# Fit parameters exclusively on one observational model, then use as covariate for another observational model

I have a model as shown below that regresses previous data for a unit/context in a hierarchical model to newer data. I’m using the alpha0 coefficient fit from historical data (N_0, c_0), and then centering it and feeding it into a regression. My question - will mu0 and a0 get unintentionally partially fit on the new data (N_, c_) as well as the old data? Is there a way to avoid this and only fit mu0 and a0 on the historical data (N_0, c_0)?

``````
with pm.Model() as m1:

# Model historical data
mu0 = pm.Normal("mu0", -1.85, 0.5, shape=2)
a0 = hierarchical_normal("a0", (n_units,2), mu0)
p0 = pm.math.invlogit(a0)
conv_pre = pm.Binomial("conv_pre", N_0, p0[i_, v_], observed=c_0)

# Model new data
theta = pm.HalfNormal("theta", 1)
mu_a = pm.Normal("mu", -1.85, 0.5, shape=2)
a = hierarchical_normal("a", (n_units,2), mu_a)
## Center historical data
centeredX = pm.Deterministic("centeredX", (a0[i_] - a0[i_].mean() ))
## Regress new data onto historical data
p = pm.math.invlogit(a[i_, v_] + centeredX*theta)
conv = pm.Binomial("conv", N_, p, observed=c_)
trace = pm.sample(target_accept=0.95, tune=2000, return_inferencedata=True)

``````

Side question, could someone sanity check the centering (mean-zeroing) on this model? For hierarchical models should I subtract the global mean from each context or the context mean from each context?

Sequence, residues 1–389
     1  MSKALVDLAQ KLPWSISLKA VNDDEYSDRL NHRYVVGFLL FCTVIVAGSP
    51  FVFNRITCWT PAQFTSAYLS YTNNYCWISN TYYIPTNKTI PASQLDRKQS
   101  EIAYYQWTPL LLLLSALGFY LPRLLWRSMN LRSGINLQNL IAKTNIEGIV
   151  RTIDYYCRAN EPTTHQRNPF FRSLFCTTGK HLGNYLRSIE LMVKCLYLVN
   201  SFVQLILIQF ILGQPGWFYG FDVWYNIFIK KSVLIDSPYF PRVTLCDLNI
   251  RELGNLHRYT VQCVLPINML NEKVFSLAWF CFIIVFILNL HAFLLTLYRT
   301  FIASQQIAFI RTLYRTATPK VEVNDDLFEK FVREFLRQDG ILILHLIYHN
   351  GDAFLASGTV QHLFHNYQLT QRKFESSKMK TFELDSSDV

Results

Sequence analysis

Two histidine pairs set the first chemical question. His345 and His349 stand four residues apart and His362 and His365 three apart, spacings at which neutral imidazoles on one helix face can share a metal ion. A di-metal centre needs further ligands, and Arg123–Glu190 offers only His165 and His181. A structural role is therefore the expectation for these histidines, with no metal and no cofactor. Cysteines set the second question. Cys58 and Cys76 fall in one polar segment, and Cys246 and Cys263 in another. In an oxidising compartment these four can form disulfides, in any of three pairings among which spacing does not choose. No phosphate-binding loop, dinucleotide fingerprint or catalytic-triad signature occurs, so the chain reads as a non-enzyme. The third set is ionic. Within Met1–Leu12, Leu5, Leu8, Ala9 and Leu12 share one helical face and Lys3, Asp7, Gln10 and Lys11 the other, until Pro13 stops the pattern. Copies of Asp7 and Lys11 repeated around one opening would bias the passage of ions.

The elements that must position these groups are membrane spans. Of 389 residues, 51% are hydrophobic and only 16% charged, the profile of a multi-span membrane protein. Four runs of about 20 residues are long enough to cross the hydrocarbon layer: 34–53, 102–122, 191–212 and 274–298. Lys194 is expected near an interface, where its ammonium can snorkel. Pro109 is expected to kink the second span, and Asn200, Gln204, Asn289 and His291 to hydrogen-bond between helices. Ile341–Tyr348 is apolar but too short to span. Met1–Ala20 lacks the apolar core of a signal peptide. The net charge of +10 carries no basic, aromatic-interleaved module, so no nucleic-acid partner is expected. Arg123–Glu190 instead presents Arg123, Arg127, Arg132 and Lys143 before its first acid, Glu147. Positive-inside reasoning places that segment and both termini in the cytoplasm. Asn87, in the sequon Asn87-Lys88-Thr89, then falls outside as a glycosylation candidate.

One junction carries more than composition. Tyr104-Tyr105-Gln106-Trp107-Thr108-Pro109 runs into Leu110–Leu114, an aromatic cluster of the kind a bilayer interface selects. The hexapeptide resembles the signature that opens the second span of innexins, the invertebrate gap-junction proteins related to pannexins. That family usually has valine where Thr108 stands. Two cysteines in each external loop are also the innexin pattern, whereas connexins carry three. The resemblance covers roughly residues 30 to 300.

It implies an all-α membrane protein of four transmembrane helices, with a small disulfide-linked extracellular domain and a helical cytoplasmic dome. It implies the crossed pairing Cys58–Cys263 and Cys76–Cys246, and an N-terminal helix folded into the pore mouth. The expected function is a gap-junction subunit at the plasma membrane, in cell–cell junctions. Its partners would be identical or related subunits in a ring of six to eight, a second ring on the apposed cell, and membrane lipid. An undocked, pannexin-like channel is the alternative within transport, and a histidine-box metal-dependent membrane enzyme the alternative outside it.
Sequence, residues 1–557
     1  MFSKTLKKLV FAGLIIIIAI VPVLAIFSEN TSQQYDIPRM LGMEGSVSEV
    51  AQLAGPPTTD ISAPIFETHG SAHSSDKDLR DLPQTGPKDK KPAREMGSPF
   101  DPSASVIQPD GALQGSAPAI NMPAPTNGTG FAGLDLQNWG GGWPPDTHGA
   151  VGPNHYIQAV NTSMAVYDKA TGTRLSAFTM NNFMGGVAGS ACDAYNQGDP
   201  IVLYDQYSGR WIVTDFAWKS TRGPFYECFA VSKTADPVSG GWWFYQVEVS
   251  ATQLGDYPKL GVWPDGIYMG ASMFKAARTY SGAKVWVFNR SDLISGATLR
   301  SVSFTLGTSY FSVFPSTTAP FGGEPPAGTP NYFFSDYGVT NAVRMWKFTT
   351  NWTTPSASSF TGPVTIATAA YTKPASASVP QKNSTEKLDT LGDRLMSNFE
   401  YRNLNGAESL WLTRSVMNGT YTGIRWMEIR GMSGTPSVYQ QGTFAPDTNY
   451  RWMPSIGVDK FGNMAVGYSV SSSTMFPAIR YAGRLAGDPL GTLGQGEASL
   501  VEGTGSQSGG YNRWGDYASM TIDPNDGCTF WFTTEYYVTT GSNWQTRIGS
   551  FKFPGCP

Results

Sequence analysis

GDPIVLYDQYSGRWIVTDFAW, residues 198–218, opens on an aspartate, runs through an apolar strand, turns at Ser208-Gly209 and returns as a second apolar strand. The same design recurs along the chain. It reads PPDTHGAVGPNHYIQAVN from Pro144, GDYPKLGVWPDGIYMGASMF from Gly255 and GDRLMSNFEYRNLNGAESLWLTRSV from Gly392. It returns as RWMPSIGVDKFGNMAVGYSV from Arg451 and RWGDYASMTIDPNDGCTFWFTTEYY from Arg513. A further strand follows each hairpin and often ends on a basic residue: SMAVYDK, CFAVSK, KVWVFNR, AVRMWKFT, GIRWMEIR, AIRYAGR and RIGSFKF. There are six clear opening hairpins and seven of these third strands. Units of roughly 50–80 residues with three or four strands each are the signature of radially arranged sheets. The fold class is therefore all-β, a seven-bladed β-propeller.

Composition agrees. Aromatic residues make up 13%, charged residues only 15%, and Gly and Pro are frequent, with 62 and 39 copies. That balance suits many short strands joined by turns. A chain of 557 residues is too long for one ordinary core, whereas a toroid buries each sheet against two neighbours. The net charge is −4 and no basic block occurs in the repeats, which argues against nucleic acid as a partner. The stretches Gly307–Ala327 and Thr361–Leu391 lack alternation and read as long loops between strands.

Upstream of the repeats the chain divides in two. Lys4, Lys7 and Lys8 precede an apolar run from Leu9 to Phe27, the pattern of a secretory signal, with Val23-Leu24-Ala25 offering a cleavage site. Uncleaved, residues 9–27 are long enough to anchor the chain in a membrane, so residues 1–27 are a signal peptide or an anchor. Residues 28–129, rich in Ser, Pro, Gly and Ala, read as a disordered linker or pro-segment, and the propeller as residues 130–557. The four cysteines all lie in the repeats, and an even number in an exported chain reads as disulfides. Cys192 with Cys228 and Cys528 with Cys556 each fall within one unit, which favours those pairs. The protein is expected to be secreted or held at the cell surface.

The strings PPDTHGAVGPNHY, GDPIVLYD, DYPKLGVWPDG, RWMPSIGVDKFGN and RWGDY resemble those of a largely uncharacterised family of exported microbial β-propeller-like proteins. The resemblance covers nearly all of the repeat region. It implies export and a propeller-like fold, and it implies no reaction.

The posteriors of `mu0` and `a0` will definitely reflect `c_` because `conv` depends on `p`, which depends on `centeredX` which depends on `a0` (which depends on `mu0`). I don’t quite understand what your model is doing, so I can’t necessarily make recommendation about how to revise it.

As a side note, you have defined `conv` twice, which will prevent pymc3 from building this particular model.

I was trying to make a hierarchical extension to CUPED (for variance reduction in experimentation) to reduce variance in the global parameter mu.

That being said I just realized this now (it feels like it was insanely obvious and I looked straight past it), priors would have accomplished the same variance reduction so why bother with this complicated model above

Anyway, still an interesting question - Is there a world where I can force a model to fit things sequentially, or would I have to have separate model contexts?

If you are looking to estimate a parameter (or more than one) on one data set and use the estimate (posterior) in a subsequent analysis, you might want to check out this notebook and the `from_posterior()` function specifically. That function takes posterior samples and converts them into a distribution that can then be used in a subsequent model. I’m not super confident that this is your best bet, but it might point you in a useful directly.

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@cluhmann This is fantastic thank you!

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